Centre for Interdisciplinary Studies on Buddhism (CEIB)


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At a time when the challenges of religions are again being recognized as crucial in comprehending major global events, the research arm of INALCO on the rue de Lille, Paris, welcomes a completely new federated research center, the CEIB (Centre d’études interdisciplinaires sur le bouddhisme). This new center was created as a joint project by INALCO (Institut national des langues et civilisations orientales), EPHE (École pratique des hautes études) and the Collège de France. 

The CEIB is supported by the expertise and networks constituted over the years by colleagues from these three establishments and other French institutions, in order to meet the scientific demands linked to ongoing religious changes and disciplinary reconfigurations, while also preserving and promoting the heritage of two centuries of French Buddhist studies. The center will support the various teams of researchers in France who devote some of their work to Buddhisms, and it is hoped that the center will reinforce their collaboration.

The project of creating CEIB was begun in June 2015 by Catherine Despeux (professor emeritus, INALCO), Jean-Noël Robert (professor at the Collège de France), Anne Cheng (professor at the Collège de France), Vincent Goossaert (Directeur d’études at EPHE), Sylvie Hureau (Maître de conférences at EPHE), and Ji Zhe (Maître de conférences at INALCO and member of the Institut universitaire de France).

The goal from the beginning was to group resources and experts in order to:

1) support students and young researchers, at the scientific, administrative and financial levels;

2) coordinate and finance individual and collective research projects;

3) promote interdisciplinarity of research;

4) reinforce international collaboration and create a permanent international network of researchers;

5) encourage integration of teaching and research, as well as the diffusion of knowledge among researchers, students, and the public interested in academic, non-denominational studies on Buddhism.

With the support of the three founding establishments, the CEIB took shape after more than a year of intensive preparatory work. It is currently attached to the INALCO Equipe ASIEs, and is financed by several foundations. On 22 March 2017, an inaugural ceremony will take place at the rue de Lille, followed by the first presentation of the Lin Li-kouang distinguished lectures for Buddhist studies. For this premiere, we welcome Professor Stephen F. Teiser of Princeton University.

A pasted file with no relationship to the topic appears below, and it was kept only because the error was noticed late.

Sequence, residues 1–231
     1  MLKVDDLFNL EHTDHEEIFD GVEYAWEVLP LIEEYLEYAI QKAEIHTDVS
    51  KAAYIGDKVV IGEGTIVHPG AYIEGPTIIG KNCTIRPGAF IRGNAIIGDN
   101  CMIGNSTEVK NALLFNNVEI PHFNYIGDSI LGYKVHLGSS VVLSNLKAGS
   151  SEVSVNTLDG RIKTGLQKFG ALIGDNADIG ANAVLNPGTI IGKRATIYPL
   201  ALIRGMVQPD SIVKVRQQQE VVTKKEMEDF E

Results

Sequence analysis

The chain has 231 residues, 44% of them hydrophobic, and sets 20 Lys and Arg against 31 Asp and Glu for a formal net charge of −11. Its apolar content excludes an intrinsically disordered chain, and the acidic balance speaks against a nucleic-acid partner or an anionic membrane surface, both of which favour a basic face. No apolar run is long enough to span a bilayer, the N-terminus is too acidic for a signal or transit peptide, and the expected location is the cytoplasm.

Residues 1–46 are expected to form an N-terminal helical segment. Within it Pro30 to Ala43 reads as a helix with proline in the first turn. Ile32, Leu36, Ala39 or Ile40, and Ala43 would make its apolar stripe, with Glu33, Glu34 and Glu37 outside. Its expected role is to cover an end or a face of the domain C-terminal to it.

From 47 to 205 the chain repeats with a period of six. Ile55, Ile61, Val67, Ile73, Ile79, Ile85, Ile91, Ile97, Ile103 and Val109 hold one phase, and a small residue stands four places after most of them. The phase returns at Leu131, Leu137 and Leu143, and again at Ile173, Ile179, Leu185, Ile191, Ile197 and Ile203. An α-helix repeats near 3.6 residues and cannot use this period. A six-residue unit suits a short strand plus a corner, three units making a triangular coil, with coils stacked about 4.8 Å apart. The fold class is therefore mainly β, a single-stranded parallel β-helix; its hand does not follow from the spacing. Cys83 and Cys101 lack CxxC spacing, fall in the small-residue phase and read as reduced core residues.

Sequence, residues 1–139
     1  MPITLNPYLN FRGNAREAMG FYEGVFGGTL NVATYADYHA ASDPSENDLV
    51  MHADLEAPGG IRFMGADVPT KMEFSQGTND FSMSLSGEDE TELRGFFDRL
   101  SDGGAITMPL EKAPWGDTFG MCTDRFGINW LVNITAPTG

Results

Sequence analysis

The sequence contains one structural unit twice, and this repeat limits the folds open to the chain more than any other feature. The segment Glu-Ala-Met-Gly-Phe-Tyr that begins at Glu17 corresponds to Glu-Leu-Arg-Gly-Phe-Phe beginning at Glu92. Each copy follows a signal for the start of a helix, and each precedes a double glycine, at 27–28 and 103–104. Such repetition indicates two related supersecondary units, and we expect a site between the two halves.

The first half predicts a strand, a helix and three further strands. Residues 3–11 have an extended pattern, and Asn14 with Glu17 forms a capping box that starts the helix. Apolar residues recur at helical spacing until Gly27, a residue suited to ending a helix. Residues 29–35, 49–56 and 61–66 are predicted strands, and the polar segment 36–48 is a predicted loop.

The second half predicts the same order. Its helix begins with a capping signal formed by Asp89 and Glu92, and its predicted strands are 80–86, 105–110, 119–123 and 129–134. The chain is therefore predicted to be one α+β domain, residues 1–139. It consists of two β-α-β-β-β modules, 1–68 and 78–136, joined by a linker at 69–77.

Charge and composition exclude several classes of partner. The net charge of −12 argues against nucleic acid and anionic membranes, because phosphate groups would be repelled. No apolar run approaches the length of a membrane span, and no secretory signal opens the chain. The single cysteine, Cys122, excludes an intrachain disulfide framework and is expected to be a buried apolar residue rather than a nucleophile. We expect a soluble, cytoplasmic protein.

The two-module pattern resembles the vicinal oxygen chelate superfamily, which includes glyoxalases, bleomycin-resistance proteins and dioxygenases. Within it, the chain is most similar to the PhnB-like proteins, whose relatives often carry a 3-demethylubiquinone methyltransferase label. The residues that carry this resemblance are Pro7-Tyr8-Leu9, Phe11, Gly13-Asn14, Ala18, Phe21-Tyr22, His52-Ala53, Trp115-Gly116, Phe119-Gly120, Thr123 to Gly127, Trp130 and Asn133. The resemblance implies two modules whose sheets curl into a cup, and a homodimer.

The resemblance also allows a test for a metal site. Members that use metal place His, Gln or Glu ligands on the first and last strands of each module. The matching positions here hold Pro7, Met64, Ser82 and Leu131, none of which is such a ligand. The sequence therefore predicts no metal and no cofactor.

However, this is only the beginning. During the week of the 20th of March, there will also be three more presentations and an international colloquium organized or supported by the CEIB; there will be a call for candidates for doctoral and postdoctoral scholarships before the end of the semester. 

These actions, and others to come, should allow the CEIB to take part in the worldwide dynamic of Buddhist studies. Since the beginning of the 20th century, scholarly interest in Buddhism has grown considerably. In North America and Europe, research centers have multiplied: Columbia (1988), Stanford (1997), then UCLA (200), UC Berkeley (2004), Oxford (2004), Ghent (2007), and Hamburg (2007), without mentioning the dozens of centers in Asian universities, in China, Japan and Korea. In this context, the CEIB, as the first French academic center entirely dedicated to Buddhist studies, plans to service as a catalyst to reinforce and highlight French research on Buddhism through its international opening to approaches from every field. It is an ambitious undertaking, but can be achieved through concrete, continuous effort. As the 9th-century Chinese Chan master Changsha Jingcen teaches us, even if we are on “the top of a hundred-foot pole,” we must still “take one step forward.”

CEIB, February 21, 2017Translated from French by Julie Sullivan